Why read the Passion?

In many Churches this week we will read a longer passage, to follow through Jesus’ Passion story (Mark 14:1-15:47). To listen to this Passion story is to face 2 sides of reality.

One is the consistent failure of the people around Jesus.

  • Judas betrays him
  • the disciples don’t understand, fall asleep, desert
  • Peter denies him
  • the crowd want him crucified
  • Pilate doesn’t care to give him justice
  • soldiers and condemned prisoners mock him

Whatever is being achieved is not the result of human effort, offers no encouragement to depend on human goodness . .

The other side is sometimes forgotten. Jesus fights the battle against evil and death which he will win, but it is a most unusual war.

  • total casualties 1 dead
  • non fatal injuries 1 cut ear – healed immediately
  • psychiatric trauma all participants come to deal with reality better as a result of observation / participation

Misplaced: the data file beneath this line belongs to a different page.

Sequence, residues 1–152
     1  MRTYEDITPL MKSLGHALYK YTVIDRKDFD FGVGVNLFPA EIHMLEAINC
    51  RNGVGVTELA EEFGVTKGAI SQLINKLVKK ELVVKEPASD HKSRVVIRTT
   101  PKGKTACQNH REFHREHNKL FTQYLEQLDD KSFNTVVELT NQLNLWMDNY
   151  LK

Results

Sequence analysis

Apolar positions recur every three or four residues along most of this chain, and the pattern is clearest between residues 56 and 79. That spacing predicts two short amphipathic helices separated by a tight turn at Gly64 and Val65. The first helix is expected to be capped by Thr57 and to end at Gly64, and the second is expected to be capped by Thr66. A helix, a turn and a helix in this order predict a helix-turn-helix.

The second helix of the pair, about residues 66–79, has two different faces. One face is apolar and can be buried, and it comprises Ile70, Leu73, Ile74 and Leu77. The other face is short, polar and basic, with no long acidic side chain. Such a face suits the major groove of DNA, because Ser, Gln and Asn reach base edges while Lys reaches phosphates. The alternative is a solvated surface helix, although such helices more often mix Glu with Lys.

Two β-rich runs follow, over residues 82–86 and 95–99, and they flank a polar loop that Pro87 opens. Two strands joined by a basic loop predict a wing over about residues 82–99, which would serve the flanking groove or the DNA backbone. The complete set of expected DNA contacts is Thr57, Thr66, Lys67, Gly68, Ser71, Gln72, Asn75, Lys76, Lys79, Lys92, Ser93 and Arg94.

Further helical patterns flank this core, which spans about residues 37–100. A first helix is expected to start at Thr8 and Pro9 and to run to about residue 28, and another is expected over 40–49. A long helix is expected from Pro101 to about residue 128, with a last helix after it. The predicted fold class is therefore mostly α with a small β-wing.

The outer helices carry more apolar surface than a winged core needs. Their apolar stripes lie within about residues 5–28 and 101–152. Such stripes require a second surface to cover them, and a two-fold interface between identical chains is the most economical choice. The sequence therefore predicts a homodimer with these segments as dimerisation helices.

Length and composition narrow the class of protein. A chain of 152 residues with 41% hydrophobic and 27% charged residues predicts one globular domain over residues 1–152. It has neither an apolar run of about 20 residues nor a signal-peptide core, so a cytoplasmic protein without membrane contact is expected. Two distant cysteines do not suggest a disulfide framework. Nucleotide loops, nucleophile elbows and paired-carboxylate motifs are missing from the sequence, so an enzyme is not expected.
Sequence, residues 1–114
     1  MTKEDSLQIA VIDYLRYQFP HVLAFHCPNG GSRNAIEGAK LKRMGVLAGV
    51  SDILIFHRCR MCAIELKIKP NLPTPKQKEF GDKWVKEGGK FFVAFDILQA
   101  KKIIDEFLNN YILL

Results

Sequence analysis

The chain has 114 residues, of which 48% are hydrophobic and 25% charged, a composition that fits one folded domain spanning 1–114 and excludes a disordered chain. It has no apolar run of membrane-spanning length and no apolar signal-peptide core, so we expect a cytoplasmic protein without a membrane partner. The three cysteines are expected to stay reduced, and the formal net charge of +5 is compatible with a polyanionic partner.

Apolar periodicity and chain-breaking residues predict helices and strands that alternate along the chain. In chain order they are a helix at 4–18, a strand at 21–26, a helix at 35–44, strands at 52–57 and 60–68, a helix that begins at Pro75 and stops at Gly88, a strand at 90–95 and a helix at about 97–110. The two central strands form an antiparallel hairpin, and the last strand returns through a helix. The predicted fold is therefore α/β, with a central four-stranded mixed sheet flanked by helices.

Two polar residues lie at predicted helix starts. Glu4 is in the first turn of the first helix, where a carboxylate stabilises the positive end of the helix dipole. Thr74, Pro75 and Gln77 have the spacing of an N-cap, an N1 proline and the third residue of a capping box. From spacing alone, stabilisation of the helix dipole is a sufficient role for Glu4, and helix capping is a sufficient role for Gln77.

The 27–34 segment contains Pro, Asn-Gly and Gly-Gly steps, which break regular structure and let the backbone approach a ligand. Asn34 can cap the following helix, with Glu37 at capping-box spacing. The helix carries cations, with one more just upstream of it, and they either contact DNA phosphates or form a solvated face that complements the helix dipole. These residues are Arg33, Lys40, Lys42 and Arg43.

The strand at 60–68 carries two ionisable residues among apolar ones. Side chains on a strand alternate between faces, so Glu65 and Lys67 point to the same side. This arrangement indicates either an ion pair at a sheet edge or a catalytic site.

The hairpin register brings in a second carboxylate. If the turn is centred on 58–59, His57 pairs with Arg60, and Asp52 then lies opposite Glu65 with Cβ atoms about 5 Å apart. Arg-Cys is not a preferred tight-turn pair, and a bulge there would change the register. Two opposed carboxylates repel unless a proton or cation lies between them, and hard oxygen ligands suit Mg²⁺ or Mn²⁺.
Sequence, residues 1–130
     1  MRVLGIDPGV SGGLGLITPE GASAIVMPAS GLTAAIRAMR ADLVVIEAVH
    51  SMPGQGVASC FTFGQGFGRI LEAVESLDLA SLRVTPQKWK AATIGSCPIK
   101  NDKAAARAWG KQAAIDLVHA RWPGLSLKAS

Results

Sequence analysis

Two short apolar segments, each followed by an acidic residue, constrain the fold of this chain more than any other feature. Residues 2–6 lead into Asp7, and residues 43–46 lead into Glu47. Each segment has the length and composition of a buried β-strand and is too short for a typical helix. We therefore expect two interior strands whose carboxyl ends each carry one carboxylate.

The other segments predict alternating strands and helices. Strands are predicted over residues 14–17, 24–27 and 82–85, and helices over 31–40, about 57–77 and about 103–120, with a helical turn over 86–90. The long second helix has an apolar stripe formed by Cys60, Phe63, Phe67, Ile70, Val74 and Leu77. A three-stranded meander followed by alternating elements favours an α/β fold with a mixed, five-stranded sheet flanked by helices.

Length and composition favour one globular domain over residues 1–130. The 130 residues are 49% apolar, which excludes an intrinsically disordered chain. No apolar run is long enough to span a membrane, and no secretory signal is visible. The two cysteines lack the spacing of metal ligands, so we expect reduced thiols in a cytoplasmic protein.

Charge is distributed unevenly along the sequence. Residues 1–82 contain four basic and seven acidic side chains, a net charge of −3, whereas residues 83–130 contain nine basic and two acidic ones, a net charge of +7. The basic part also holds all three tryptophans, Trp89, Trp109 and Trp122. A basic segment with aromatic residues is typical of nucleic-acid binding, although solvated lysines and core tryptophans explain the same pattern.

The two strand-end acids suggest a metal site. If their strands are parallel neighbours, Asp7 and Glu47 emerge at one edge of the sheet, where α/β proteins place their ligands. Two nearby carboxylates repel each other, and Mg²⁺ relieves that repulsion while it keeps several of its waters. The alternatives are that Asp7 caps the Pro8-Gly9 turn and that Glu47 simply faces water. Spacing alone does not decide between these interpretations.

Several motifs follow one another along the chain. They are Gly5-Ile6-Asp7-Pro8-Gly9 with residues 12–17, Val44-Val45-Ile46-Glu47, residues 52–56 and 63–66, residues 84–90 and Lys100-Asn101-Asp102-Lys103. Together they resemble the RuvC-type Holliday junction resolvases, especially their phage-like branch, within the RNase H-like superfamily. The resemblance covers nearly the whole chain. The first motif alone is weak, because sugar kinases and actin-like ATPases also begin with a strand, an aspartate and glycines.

• economic damage none, (unless the failure to avert the Jewish War a generation later is included, despite attempts by Jesus to avoid it). Some fishermen change trade.
  • political aftermath the Kingdom of God is established, but does not overturn other structures of government. Some officials with varying degrees of corruption are embarrassed.
  • lasting effects incalculable. The only war whose results are not buried by history.

Perhaps we begin to see why it had to be like that.  It is difficult to read, not because it is complicated, but – well, painful.  Yet this is the good news of Jesus.

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